Ninja Gaiden (Master System)

Ninja Gaiden - Master System (1992)

This entry is part 7 of 16 in the series Ninja Gaiden


Sega’s next endeavor in the Ninja Gaiden series was released for the Master System in 1992, but only in PAL territories, because they were the only ones that didn’t notice that the Master System was dead in the rest of the world (In fact, it should stay alive at least in Brazil for a long time). This time, Sega actually produced a decent game out of the franchise, though it seems likely that it was actually outsourced to SIMS. Not only does it share code segments and credited pseudonyms with other SIMS games, but it also uses the exact same font for story sequences as the Master System version of Psychic World by SIMS (however, it’s hard to tell to what degree there was an exchange of resources between Sega and their third parties). Too bad hardly anyone would have noticed the game at the time of its release, anyway.

Ninja Gaiden (Master System)

After all his adventures in America – that’s as far as the plot connection to the other games goes – Ryu now finally could return to his home town in Japan, only to find it completely destroyed and it’s most valuable treasure, the Shinobido scroll stolen by the evil (and demonic, of course) Dark Shogun. With their second try Sega actually paid attention to the story development and cinematic cut scenes, though they are rather slow paced, lack interesting plot twists and aren’t as exciting as the NES games’ cut scenes by far.

Ninja Gaiden (Master System)

Unlike the Game Gear title, the game also has an appropriate length with eight stages, with many sections partly inspired by previous Ninja Gaiden games or common platforming clichés, like an ice stage, a volcano stage and a waterfall stage. The bombs lying around in some levels certainly remind one of Sega’s Shinobi series. Compared to its predecessors, climbing is an even more important factor in these stages, despite the fact that Ryu’s abilities have become more limited. Instead of clinging onto walls, you now immediately have to time your wall jump and continue, or you will fall down. You still can cling onto the branches of trees and poles, but there’s no hand-over-hand climbing. These changes make the climbing much more challenging, but scaling difficult heights becomes a lot of fun. As the game was only released in PAL regions, the game runs slightly faster on NTSC machines, though it’s still quite playable, as the quick pacing is in line with the NES games.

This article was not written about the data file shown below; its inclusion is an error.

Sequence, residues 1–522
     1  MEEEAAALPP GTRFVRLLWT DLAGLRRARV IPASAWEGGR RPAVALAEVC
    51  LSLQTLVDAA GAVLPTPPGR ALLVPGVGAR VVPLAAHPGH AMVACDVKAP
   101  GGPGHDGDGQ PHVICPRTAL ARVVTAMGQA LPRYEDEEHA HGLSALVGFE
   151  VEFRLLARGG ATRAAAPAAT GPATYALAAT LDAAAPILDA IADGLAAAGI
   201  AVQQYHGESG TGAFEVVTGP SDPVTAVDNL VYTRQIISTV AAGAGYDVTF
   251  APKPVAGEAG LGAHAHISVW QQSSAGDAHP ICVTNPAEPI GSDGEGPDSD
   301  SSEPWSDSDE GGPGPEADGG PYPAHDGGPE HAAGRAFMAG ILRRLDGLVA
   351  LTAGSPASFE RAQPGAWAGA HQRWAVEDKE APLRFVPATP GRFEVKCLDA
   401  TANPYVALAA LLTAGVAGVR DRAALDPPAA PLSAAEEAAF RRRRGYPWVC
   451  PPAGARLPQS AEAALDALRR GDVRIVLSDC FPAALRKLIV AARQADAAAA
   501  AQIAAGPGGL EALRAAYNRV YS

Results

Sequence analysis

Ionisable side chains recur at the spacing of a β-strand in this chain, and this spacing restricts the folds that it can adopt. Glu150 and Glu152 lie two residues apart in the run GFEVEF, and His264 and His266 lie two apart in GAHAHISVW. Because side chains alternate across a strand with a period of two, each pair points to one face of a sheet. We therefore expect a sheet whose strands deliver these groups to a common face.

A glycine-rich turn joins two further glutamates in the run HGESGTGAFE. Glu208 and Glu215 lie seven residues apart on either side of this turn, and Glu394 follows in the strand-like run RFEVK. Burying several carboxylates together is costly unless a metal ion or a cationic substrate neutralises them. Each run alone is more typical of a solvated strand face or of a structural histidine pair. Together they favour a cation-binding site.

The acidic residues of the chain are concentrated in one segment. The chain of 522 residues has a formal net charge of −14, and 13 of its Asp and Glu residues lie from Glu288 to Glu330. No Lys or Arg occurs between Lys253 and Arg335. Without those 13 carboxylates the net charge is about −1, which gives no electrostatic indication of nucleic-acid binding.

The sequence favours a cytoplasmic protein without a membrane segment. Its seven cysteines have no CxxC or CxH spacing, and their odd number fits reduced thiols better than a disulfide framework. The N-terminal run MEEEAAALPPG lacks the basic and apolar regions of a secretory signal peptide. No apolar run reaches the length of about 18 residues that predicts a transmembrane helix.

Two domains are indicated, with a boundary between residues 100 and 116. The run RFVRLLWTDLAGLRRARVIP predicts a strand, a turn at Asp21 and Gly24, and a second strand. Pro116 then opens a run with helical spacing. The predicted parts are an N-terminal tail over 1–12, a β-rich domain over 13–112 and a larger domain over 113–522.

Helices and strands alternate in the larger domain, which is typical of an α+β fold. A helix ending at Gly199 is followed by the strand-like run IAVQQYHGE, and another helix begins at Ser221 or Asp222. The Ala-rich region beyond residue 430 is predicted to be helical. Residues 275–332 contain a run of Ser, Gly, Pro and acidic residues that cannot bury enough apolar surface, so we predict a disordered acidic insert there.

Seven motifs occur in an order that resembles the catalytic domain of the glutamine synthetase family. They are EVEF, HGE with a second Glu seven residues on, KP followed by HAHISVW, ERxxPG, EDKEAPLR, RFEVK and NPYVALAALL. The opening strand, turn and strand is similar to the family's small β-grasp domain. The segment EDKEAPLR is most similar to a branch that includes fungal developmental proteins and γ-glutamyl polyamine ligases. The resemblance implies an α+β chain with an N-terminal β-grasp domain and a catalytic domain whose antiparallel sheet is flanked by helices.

Ryu’s arsenal has been changed once again. The Windmill Shuriken makes its comeback, but now it’s just a strong shuriken that doesn’t return to you. Other weapons include a projectile that is cast into the four main directions and homing fireballs. The latter one are the greatest flaw of the game, because they totally destroy the balance. The developers took a lot of pain to come up with creative and challenging boss fights, but all their efforts are in vain if you just can stand in a corner and comfortably spawn your fireballs to beat them. The game suffers from heavy Castlevania syndrome, so you are not likely to ever run out of ammo. You even can get an unlimited amount if you ever reach 999 charges. It’s a shame to see a game with such a good potential be spoiled by unnecessary, stupid design flaws, but if you restrain yourself to not using any special weapons against the bosses, you can have a fun and challenging game. Ryu can now also perform a completely useless “desperation attack”, which kills every enemy on screen except bosses, but depletes a fourth of his health, which is more than any group of enemies could ever do to him, as long as you’re not acting extremely clumsy.

Ninja Gaiden (Master System)

Though the game finally manages to at least reach near the quality of its more popular siblings, the same thing certainly can’t be said about the music. Most of it is based on very repetitive loops that are played throughout the very long stages without any variation, and it gets on one’s nerves very fast. It’s lacking drum samples like those in the NES games, so overall it carries a lot less of the musical punch that made those so catchy.

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